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Top 5 Myths About Nexus and Amazon

February 15, 2017 | Sales Tax

By Suzanne Kearns

Amazon is big business, and that’s why so many sellers use it as their selling platform. In fact, Slice Intelligence, a market research firm, says that Amazon accounted for more than half of online sales in the U.S. last year.

But along with all the sales come some pretty big myths about how Amazon affects nexus for its sellers. Here are five of the biggest nexus and Amazon nexus myths around.

1. As an Amazon seller, my nexus matches Amazon’s

There has been a lot of news lately about Amazon deciding to collect sales tax in additional states, and that has many sellers confused. Too many sellers believe they have nexus in every state Amazon does.

But that’s not how nexus works. Amazon is a separate business from your company, and Amazon has nexus in states where it has nexus triggers, such as a warehouse or employees.

Likewise, you only have nexus in states where your business has a presence, such as those where you have inventory stored in FBA warehouses. It helps to clear the confusion by remembering that while you use the Amazon platform, your business remains separate from the company.

2. I’m an FBA seller so I have nexus in every state where there is an FBA warehouse

Just because you’re an FBA seller, that doesn’t mean that Amazon will store your inventory in every FBA warehouse, triggering nexus in each state that has one.

Amazon will only store your inventory where it makes sense, based on your products and sales. That means you only have nexus in those states where your inventory has been stored in FBA warehouses. Your inventory’s location can change frequently, and Amazon maintains no obligation to inform you of the change, so this issue requires constant monitoring. Make sure you know how to keep track.

3. I don’t have to worry about sales tax because Amazon will figure it all out for me

Another common myth is that because Amazon knows which FBA warehouses store your inventory, the company already knows the states in which you have nexus and will automatically collect sales tax for you in those places. Unfortunately, it’s not that simple.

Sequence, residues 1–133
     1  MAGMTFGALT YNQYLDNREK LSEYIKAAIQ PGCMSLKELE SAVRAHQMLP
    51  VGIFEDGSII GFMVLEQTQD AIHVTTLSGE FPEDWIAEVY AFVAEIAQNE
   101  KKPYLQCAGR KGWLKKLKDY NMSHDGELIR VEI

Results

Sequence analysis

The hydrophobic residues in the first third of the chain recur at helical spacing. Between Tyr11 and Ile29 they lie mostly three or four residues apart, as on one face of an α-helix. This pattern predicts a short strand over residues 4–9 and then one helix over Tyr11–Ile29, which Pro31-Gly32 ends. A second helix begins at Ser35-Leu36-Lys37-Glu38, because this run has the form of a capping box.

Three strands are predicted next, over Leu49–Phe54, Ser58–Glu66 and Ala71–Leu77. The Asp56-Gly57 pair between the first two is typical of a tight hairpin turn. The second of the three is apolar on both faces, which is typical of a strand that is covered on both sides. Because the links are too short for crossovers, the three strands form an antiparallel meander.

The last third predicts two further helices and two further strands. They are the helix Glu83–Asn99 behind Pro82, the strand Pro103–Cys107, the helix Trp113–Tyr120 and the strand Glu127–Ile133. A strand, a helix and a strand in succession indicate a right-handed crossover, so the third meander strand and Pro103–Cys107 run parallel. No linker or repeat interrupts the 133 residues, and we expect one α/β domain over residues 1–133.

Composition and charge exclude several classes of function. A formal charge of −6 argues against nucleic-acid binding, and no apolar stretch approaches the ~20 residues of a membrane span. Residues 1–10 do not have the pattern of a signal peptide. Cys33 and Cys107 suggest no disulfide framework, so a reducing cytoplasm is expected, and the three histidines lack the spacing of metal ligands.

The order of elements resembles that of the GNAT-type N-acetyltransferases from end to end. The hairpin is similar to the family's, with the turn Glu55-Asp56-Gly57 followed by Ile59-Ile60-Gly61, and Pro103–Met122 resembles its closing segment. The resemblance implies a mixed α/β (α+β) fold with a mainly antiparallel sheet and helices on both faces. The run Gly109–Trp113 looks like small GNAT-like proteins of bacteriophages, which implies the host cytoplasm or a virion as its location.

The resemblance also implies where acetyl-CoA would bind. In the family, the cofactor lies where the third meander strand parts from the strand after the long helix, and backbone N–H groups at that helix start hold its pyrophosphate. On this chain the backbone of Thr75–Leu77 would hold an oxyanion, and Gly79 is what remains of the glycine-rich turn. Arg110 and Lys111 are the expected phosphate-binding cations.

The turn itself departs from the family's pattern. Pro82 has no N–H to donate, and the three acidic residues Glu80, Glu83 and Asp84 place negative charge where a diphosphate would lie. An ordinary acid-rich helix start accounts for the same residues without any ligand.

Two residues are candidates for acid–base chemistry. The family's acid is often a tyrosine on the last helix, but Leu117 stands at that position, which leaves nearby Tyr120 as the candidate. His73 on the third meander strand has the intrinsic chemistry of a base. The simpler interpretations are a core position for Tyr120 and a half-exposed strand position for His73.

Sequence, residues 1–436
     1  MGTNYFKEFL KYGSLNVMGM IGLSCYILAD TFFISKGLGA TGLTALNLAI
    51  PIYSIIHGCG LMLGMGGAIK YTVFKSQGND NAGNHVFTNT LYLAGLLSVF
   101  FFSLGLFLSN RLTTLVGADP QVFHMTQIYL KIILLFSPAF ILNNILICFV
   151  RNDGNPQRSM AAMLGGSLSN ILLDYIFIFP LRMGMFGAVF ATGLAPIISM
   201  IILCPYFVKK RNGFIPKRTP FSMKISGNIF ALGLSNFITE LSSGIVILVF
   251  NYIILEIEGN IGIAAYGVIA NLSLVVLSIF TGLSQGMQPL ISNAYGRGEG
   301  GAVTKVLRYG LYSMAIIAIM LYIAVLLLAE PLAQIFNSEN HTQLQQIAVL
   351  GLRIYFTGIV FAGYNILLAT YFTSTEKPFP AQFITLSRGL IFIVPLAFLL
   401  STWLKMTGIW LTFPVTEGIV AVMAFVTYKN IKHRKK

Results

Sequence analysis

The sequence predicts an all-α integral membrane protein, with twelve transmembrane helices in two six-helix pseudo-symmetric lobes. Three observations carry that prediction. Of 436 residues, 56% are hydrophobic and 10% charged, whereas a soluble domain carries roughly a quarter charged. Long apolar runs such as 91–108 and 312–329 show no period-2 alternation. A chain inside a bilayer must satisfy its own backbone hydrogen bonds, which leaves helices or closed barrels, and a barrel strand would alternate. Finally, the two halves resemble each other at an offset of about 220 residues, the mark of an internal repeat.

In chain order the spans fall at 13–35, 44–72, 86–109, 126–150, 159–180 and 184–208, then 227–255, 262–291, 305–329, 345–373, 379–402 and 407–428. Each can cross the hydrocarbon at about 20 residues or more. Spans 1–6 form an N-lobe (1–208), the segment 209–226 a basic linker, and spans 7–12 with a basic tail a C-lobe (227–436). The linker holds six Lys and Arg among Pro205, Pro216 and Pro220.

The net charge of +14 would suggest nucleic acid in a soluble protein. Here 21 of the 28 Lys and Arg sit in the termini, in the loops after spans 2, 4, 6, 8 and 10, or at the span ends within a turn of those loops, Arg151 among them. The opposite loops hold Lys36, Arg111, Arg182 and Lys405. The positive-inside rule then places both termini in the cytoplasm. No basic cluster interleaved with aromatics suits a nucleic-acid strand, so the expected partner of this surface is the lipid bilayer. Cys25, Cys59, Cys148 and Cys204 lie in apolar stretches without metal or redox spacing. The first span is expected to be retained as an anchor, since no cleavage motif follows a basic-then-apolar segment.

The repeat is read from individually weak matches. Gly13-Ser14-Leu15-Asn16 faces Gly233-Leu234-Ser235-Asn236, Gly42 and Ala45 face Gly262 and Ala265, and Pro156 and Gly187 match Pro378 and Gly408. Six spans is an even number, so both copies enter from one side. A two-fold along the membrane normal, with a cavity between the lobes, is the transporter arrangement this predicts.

It’s up to you to inform Amazon of the states in which you have nexus. To do this, go to Seller Central and find your Inventory Events Report. Download it, and you’ll see a list of each state in which your inventory has been stored. You have nexus in those states. Next, go to your Sellers Central page and click on the Settings link. From there, find your Tax Settings page and indicate where you want Amazon to collect sales tax for you (states, counties, cities). Include the states where you inventory is stored, as well as any other states in which you have nexus.

4. I can limit nexus to one state by using the FBA Inventory Placement Service

Amazon offers this service to allow sellers the ease of shipping all their inventory to a single Amazon fulfillment center, and many people believe their inventory will stay at this center, only creating nexus in that state. But Amazon ships out the inventory to multiple fulfillment centers, which spreads it out across the country. You end up with nexus in any state where it winds up in a warehouse. In addition, Amazon says that it can’t guarantee you’ll always be able to ship to the same fulfillment center, and every time it changes, it will create nexus in additional states.

5. No one will find out where I have nexus so I don’t need to worry about collecting sales tax

As many states struggle to make up for budget shortfalls, they are getting serious about holding online sellers accountable for the collection and remittance of sales tax. And if you don’t think states can find out that your inventory is stored in an FBA fulfillment center, you’d better think again.

In a 2012 interview with CNET, a representative of California’s State Board of Equalization said, “You can assume we’ll have ways of finding out who’s holding stocks of goods in California. We have enforcement authority to obtain information in a variety of ways. We’ll be approaching them with respect to their tax obligations.”

Remember, if you fail to collect sales tax in a state where you have nexus, you could be held responsible for the sales tax, along with any penalties and interest.

Now that we’ve busted the most common myths associated with Amazon sellers and nexus, you can take the steps to ensure that you’re compliant in all the states where you have nexus. Incidentally, we designed TrustFile to help you with exactly that.

What are your thoughts on this topic? Share with us in the comments below.


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